Bryan Alexander (GA) - if you aren't having any problems with inactive projects now, that could change. In Georgia, RTP projects are starting to show up on the inactive list. The projects aren't necessarily inactive, but billing just has not been going through. The FHWA division office was pressuring the State on inactive projects. The way to keep projects off of the inactive list is to do a small expenditure at beginning of project and then the project will never make it on any inactive list even if no further billing occurs for years. Christopher says "it works!".
Bob Richards (TN) - Tennessee has 3 year term contracts. Does everyone else have the same?
Responses - Some have 12 month contracts, others have 18 month, 2 years, etc... sponsors can file extension and usually they will be granted.
Brigit Brown (WI) - Historic Preservation and water regulations are starting to become a significant expense.
Old Funds - Funds from previous years can be used for cost overruns on newer, current projects. States can deobligate and reobligate.
The next National Trails Symposium will be held April 14-17, 2013 east of Phoenix and Scottsdale, near Fountain Hills, Arizona. Go to http://www.americantrails.org/2013/ for more information.
American Trails is offering a Universal Trail Assessment Process Workshops.
This two-day workshop enables individuals to conduct accurate assessments of trails in their own community and to lead groups of untrained individuals in the completion of trail assessments. American Trails and Beneficial Designs, Inc., offer the Workshops throughout North America each year. UTAP provides objective, accurate information about the conditions on a trail or in outdoor environments. The assessment results can help trail users determine whether a trail meets their interests and abilities. Land managers can also use the information to identify areas where access may be limited and to determine whether a trail complies with the proposed accessibility guidelines, to develop programs to provide trail access information, and to assess trails for maintenance needs.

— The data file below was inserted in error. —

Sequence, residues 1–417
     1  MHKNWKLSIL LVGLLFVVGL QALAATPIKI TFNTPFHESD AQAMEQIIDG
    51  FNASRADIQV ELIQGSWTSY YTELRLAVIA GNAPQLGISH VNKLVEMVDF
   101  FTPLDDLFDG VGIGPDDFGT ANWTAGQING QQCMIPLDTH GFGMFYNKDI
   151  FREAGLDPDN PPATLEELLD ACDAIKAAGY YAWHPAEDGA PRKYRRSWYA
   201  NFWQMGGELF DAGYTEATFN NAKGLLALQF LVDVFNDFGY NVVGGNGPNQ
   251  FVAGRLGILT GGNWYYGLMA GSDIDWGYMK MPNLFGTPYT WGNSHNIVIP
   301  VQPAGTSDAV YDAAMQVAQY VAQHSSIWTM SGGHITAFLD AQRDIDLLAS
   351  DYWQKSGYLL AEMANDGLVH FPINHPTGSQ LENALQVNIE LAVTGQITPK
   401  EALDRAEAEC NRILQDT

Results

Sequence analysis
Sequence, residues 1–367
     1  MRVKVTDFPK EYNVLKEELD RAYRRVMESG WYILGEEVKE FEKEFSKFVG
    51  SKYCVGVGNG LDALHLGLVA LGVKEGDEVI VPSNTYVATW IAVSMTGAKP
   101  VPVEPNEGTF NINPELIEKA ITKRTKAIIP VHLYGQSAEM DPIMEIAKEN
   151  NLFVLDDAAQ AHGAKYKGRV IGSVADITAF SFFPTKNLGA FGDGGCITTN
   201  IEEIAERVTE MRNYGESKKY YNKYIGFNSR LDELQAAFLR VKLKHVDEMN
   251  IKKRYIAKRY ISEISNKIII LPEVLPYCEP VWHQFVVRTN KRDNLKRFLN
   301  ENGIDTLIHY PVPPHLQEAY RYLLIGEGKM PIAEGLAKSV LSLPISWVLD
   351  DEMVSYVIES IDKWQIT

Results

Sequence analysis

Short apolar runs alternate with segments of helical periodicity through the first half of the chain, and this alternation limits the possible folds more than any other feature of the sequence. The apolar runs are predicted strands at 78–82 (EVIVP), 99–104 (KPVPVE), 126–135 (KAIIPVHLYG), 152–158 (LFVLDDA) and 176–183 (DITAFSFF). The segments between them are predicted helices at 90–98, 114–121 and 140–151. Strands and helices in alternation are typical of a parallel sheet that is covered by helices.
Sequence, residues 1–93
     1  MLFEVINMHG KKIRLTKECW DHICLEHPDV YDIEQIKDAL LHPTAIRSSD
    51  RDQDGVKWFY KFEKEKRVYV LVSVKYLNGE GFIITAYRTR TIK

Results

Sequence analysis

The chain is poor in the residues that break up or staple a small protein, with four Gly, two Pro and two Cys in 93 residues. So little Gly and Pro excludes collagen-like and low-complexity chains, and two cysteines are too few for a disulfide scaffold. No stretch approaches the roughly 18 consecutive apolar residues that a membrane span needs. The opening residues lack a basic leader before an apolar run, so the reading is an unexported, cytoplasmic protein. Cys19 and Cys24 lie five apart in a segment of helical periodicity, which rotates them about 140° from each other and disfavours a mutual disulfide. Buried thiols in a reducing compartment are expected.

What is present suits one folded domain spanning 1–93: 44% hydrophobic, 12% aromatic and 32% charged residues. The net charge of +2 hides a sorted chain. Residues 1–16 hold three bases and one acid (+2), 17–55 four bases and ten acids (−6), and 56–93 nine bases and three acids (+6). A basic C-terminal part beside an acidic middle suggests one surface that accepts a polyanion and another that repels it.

APBP has been hosting a series of webinars. Topics include enforcement, safety, and transportation. Some of the past webinars have been:
September 22, 2011- There is a webinar on the topic of economic benefits of trails called "Making the Case for Trails in Tight Economic Times." See: http://www.americantrails.org/resources/economics/Webinar-Economic-Benefits-Trails.html
More on economic benefits on American Trails website: http://www.americantrails.org/resources/economics/index.html
Pathways for Play / PlayCore has put together a new guideline book on how to make trails more playful. See: http://www.americantrails.org/resources/kids/Pathways-for-Play-Playcore.html
What are other States doing?
Sherry Winnie (VT)
Vermont allocated RTP funds to its State Advisory Committee (VT Trails & Greenways Council) to develop the Vermont Trail Ethic in a coordinated effort with the Vermont Trail Collaborative. The statewide trails community led a statewide public engagement process to learn what communities think is important for a trail ethic (and sent out surveys, synthesized all information collected, presented to the public, shared final draft with the Collaborative) & upon completion adopted a statewide trail ethic.
Vermont is encouraging organizations to post this ethics statement on their own signs and kiosks.
Vermont will also be hosting a Vermont Trail Symposium. See: http://www.vermonttrailsandgreenways.org/our-programs/education/
D'Juan Hammonds (OH) - Collaboration with the Wayne National Forest and Hocking College to educate motorized trail safety. Hocking college has a annual course. RTP gives 10-15k per year to run this course.